Tuesday, September 11, 2018

New Mexico Governor- Race of the Day

56 Days Until Election Day

New Mexico Governor

Status: Republican Open
2016 Presidential Result: Blue State (West)

Outlook: Leans Democrat

Time will tell if this race is as close as a couple of independent polls have pegged it. Democrats have long expected this to be a prime pick-up opportunity and their own polls are giving a larger lead to their party's nominee. For all intents and purposes, this should be a victory for the Democrats, but sometimes there are surprises in politics.

One of those surprises eight years ago, was the election of the previously little known Republican Susana Martinez, who defeated a better known Democrat, to capture the open Governorship. The office has recently flipped between parties every eight years. Martinez became a rising star in the GOP, as a visible Hispanic female, and was heavily featured at the 2012 Republican National Convention. She had little trouble winning reelection two years later, but seemed to take no interest in the opportunity to perhaps seek national office. For whatever reason now though, as her last allotted term is about to expire, her personal and political fortunes have soured and her approval rating is pretty low. A lot of partisan Democrats in a state that is traditionally leaning towards that party may never have liked her, and many in the Republican Party who stand without exception with Donald Trump may also have turned on her. She had a spotty relationship in 2016 with the Presidential candidate, eventually declaring she could not vote for him. As Governor, she has tried to work with his administration on issues such as immigration, but has criticized his rhetoric on the matter.

It is worth noting that by virtue of the result received in 2016 by the state's former Governor Gary Johnson, as the Libertarian Presidential nominee, that party has major party status this cycle in the state. Johnson declined the chance to run again for Governor though under its banner (and is now running for the U.S. Senate instead) and the party has basically punted on the race, leaving the contest between the two major parties.

Three major Democrats ran, all of them Hispanic but the frontrunner early on was Congresswoman Michelle Lujan Grisham. Long active in state government, she lost a primary bid for Congress in 2008, but ran for and won in 2012, and has since held what was typically been the most politically competitive district in the state. In the June primary this year, she captured 66 percent of the vote, well ahead of businessman Jeff Apodaca, the son of a former Governor, who received 22 percent. State Senator Joe Cervantes received a bit over 11 percent. While Apodaca seemed to run in the primary as the more progressive alternative to Grisham, he has declined to endorse her since the primary. His father, the former Governor, has even endorsed the conservative Republican nominee.

The Republican field was left alone to Congressman Steve Pearce, after other political figures decided this might be too uphill of a race to win. A wealthy businessman and Air Force veteran, Pearce was elected to the state legislature and soon set his sights higher. In 2000, he spent a lot of money to run for the GOP U.S. Senate nomination but finished far behind, Two years later though, he was elected to the U.S. House, from the traditionally conservative one of New Mexico's districts and held that before making another attempt for the Senate in 2008. This time, he won a competitive primary against a colleague considered more electable for a general election, and then Pearce proceeded to lose in a landslide to a Democrat. Two years later, he won the House seat back, over a Democrat who had surprisingly won in the interim. Now, Pearce is leaving Congress again to make another statewide bid, this his first one for Governor.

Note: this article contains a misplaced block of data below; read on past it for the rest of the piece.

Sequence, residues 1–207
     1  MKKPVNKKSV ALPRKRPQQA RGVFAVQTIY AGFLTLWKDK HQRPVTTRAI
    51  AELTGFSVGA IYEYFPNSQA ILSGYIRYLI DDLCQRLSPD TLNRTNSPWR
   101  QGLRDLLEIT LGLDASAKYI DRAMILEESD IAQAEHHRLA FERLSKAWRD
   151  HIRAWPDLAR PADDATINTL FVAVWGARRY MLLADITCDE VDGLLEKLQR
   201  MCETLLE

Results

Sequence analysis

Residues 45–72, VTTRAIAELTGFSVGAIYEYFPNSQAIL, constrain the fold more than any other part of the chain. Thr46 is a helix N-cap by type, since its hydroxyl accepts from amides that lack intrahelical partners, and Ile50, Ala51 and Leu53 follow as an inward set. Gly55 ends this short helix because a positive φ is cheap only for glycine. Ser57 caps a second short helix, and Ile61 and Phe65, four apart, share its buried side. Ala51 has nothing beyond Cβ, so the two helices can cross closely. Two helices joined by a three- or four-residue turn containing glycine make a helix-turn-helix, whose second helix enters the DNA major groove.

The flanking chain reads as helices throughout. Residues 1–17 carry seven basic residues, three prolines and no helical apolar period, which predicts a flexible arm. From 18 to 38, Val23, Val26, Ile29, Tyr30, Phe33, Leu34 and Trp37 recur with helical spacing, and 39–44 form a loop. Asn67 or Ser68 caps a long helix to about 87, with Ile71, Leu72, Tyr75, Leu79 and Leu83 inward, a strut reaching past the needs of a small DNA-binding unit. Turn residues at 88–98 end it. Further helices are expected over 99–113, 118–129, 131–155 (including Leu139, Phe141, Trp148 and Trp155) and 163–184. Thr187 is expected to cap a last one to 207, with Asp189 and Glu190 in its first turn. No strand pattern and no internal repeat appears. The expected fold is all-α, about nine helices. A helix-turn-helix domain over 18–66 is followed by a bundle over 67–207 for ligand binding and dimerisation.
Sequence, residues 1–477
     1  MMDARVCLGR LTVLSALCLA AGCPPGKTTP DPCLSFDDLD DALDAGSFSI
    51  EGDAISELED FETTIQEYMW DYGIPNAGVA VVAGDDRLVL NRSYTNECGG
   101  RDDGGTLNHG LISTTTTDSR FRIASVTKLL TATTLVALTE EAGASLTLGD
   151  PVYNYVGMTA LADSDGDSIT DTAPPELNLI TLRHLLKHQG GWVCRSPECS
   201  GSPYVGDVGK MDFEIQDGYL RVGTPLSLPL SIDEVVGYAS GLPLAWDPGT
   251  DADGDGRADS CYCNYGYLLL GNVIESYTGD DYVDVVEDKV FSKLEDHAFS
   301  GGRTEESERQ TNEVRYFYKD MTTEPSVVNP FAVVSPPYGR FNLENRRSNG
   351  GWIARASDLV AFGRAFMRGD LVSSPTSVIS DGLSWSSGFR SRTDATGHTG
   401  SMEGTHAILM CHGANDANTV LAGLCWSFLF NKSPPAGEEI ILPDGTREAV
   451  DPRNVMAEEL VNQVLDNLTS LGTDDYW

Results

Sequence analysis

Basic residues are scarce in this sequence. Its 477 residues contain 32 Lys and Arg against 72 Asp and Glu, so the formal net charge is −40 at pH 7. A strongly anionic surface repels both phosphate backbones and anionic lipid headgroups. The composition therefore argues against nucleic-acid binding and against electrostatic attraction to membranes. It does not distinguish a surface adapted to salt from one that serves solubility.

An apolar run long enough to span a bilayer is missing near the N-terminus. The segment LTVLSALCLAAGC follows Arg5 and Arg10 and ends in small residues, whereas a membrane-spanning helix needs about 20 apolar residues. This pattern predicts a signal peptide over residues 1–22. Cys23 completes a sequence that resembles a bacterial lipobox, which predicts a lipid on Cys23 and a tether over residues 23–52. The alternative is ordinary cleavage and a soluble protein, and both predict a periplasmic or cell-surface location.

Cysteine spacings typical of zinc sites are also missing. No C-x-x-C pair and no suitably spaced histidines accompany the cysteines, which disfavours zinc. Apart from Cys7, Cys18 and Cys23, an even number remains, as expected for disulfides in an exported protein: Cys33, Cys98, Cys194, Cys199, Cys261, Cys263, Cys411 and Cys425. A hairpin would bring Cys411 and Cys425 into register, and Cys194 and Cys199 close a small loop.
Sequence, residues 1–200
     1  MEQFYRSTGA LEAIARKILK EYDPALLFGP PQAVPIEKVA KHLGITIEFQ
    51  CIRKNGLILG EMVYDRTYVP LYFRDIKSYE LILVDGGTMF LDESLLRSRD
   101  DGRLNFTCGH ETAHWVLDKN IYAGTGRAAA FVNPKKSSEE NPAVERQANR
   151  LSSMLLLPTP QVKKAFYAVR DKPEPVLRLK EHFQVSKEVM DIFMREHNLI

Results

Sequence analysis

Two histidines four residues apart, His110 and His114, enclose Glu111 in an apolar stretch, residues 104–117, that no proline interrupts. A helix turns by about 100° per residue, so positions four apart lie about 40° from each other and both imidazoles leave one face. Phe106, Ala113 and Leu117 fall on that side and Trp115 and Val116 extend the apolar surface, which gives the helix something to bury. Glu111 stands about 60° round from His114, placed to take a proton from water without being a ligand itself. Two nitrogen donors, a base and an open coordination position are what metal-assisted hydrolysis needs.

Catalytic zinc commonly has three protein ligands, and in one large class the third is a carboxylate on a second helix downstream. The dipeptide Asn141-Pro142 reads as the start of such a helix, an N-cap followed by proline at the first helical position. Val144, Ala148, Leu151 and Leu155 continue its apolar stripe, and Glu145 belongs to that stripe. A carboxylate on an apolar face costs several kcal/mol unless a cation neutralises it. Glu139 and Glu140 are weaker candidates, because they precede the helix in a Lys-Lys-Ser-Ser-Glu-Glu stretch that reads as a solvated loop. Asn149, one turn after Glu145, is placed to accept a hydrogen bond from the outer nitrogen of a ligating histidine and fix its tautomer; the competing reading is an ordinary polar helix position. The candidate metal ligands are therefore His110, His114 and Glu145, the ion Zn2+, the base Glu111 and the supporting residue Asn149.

In New Mexico, the winners of the primaries for Lt. Governor are matched up on tickets with the Gubernatorial nominees. On the GOP side, the one candidate was Michelle Garcia Holmes, a former police detective who had served as Chief of Staff to a Democrat Attorney General of New Mexico, Last year, she unsuccessfully ran for Mayor of Albuquerque. Like the contest for Governor, three Democrats ran, and the winner with 47 percent was State Senator Howie Morales, who ran for Governor and lost in the primary in 2014. Former State House Majority Leader Rick Miera received 32 percent and Dona Ana County Commissioner Billy Garrett took 21 percent.

On paper, this is a general election that should favor Congresswoman Grisham over her district neighbor. She has represented a more politically competitive area in Congress and he might have baggage from his previous statewide runs and the general perception that he may be too conservative to win a state that has so many Latino and Native American voters. A poll from last month though, accounting for many undecided voters, had the Democrat's lead at just two percent however. Previous partisan Democrat and independent polls have shown Grisham with a larger lead.

There are significant ideological differences between the candidates and they have different styles as well. Pearce will probably need a break or two to really have a realistic chance of winning this purple to blue state in a midterm election of a polarizing Republican President.

Gubernatorial Races predicted thus far:

11 D  (2 Safe, 1 Likely,  5 Leans, 3 Tossup) 
12 R   (2 Safe, 5 Likely, 3 Leans, 2 Tossup)

Total with predictions thus far:

18 D (7 holdovers, 2 Safe, 1 Likely, 5 Leans, 3 Tossup)
19 R (7 holdovers, 2 Safe, 5 Likely, 3 Leans, 2 Tossup)


At 9:35 AM, Blogger Steve Boudreaux said...

Grisham wins by double digits!


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